Thermoplastic composite materials are very advantageous as component layers in subsea risers due to their inherent properties such as high strength, low density, fatigue and chemical resistance. However, response of composite materials to applied loading is complex and three-dimensional in nature. The heterogeneous structure of the composite material induces irregular distribution of stress/strain over the cross-section and thus, it is essential for design to use analytical methods capable of determining the stress-strain relationship in three-dimensional space. Currently, most methods rely upon one-dimensional or two-dimensional data collection techniques with macro scale stress / strain observations for experimental validation. In order to ascertain the correct load to the failure, a complete understanding of the material failure at the micro-scale is essential.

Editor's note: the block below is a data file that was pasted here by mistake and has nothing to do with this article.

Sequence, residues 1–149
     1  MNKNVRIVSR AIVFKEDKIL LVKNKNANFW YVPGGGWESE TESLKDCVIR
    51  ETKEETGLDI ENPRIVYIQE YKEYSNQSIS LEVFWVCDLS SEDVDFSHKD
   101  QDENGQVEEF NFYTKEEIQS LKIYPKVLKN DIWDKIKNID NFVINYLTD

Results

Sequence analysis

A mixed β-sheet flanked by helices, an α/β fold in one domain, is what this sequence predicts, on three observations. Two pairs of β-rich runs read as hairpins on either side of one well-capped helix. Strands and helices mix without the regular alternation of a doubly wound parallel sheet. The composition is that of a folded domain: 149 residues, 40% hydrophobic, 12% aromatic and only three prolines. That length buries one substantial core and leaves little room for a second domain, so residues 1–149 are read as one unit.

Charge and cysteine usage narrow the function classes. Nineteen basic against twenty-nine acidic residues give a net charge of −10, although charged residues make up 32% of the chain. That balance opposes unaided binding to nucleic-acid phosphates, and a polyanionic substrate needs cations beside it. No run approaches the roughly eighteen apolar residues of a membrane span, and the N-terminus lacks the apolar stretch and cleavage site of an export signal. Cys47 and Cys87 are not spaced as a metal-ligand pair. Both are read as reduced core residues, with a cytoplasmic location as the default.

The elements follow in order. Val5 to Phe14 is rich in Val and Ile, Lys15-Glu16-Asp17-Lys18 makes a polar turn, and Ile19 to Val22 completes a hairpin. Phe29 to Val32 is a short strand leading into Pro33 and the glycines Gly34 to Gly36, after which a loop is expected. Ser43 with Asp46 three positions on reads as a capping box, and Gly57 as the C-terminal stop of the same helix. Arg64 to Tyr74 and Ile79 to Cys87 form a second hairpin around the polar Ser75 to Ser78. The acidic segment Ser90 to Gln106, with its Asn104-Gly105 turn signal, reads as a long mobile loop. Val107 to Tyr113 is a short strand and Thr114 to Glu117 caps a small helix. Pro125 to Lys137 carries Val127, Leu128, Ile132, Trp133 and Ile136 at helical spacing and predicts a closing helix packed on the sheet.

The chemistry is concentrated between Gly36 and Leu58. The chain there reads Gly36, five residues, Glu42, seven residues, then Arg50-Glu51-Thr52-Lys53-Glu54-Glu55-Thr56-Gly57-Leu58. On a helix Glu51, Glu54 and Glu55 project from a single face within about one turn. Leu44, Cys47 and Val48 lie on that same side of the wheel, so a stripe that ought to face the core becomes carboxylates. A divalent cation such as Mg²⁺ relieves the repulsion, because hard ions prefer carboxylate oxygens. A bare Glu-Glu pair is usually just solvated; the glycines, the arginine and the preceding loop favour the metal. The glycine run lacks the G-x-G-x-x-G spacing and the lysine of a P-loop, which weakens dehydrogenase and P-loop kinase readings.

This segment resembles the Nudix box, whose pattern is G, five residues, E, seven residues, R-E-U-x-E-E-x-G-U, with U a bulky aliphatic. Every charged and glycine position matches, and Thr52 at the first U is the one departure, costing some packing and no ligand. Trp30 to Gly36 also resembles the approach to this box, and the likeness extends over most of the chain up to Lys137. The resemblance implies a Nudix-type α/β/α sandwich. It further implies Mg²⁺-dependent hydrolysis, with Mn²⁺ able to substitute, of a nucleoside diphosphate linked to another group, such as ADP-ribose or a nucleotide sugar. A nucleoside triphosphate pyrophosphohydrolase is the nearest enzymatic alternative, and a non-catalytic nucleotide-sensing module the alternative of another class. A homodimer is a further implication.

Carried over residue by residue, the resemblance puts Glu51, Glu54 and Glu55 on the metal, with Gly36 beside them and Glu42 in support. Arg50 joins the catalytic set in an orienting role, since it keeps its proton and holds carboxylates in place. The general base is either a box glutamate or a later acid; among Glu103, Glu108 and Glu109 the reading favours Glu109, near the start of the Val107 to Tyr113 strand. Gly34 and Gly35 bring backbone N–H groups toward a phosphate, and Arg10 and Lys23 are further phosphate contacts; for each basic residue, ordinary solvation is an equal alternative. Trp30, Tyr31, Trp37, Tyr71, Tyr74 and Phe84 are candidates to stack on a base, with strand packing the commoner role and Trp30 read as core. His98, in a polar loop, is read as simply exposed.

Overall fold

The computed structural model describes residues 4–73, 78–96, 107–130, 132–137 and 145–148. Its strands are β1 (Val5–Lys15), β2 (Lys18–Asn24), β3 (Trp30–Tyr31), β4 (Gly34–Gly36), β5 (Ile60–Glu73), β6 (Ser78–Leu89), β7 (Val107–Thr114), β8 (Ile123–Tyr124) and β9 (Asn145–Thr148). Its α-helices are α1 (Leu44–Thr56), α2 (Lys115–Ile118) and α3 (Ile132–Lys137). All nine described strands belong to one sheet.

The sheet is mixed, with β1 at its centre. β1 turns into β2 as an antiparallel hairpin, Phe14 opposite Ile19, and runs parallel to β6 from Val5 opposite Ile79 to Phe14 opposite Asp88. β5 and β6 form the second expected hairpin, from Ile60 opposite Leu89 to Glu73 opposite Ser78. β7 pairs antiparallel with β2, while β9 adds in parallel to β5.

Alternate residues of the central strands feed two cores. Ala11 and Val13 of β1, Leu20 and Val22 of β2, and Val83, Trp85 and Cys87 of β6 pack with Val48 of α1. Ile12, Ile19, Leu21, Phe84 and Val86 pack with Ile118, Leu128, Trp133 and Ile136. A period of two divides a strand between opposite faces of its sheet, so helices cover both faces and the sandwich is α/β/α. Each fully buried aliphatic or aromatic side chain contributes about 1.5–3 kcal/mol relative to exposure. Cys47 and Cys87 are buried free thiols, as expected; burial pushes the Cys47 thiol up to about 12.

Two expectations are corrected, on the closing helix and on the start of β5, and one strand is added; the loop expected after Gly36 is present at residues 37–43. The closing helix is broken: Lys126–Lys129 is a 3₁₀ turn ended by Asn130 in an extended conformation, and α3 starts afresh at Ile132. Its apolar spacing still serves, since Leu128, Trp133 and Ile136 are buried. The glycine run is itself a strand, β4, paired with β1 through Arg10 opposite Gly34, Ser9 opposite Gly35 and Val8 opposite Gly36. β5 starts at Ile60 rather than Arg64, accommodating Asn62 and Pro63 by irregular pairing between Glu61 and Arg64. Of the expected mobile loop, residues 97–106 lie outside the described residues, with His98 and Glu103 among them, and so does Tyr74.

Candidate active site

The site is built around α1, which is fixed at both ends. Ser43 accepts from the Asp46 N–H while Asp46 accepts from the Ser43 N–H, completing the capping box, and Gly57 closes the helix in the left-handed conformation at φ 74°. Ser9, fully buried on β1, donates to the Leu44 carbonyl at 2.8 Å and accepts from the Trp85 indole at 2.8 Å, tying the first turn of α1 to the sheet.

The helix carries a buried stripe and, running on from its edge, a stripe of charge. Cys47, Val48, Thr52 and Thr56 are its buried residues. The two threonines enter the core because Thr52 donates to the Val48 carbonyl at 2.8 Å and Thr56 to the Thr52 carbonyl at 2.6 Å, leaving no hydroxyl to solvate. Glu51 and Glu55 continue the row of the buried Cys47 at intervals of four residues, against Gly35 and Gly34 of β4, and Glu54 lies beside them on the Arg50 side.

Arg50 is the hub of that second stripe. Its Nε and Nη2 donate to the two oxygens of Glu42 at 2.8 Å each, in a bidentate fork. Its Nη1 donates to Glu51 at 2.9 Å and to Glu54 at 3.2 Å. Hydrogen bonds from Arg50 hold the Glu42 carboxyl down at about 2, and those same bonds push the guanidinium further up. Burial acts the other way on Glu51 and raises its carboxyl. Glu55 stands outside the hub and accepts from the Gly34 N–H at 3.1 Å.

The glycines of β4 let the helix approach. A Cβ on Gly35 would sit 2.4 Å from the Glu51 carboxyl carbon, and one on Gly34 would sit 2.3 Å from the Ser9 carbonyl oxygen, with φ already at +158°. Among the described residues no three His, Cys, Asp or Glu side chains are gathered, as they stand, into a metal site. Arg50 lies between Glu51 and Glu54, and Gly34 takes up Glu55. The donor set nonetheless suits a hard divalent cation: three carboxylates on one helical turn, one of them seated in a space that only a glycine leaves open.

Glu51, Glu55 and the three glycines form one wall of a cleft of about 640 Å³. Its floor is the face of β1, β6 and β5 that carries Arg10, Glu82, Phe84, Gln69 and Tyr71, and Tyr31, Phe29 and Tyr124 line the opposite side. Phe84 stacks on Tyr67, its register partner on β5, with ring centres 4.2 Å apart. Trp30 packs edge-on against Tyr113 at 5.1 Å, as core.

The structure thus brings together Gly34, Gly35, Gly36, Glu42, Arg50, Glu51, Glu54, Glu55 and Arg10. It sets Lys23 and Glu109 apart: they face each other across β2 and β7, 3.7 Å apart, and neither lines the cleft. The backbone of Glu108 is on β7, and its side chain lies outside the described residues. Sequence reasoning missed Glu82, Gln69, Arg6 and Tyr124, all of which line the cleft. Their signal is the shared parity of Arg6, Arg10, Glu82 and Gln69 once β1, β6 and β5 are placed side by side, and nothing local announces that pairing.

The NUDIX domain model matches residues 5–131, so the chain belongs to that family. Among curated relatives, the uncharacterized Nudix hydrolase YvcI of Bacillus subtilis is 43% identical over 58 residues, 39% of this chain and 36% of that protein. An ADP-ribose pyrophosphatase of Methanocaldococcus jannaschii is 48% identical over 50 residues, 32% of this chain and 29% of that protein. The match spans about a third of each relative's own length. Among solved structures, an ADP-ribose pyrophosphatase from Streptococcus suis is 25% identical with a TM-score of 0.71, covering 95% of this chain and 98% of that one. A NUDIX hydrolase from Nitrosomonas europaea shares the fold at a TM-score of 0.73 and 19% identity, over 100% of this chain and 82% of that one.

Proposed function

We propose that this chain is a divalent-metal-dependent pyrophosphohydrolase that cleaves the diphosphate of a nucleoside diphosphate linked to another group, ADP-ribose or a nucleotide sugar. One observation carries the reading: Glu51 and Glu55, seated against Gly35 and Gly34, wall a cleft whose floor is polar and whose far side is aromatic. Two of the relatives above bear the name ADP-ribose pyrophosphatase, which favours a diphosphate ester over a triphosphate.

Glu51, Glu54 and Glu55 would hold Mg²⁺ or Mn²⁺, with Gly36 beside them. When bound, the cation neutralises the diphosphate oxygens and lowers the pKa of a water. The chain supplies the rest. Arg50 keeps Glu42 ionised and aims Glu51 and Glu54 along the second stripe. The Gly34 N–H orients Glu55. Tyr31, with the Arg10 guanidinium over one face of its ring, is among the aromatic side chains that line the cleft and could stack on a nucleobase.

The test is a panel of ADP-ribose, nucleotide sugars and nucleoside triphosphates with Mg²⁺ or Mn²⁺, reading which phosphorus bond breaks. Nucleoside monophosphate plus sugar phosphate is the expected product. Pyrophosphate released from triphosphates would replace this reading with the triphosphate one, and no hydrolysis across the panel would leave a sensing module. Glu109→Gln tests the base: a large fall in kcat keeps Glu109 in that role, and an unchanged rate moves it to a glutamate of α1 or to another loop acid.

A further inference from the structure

In this work, X-ray computed tomography is employed for the in situ observation of micromechanical failure of the composite material under a compressive load. The observed results are compared and validated with the traditional stress-strain data and finite element analysis. It is observed that the damage in the composite material initiates by delamination which grows as the loading progresses. Moreover, the properties and failure modes are highly dependent on the manufacturing process. By gaining further understanding of the failure modes using these methods, the findings can be utilized in optimizing the design of composite riser structures.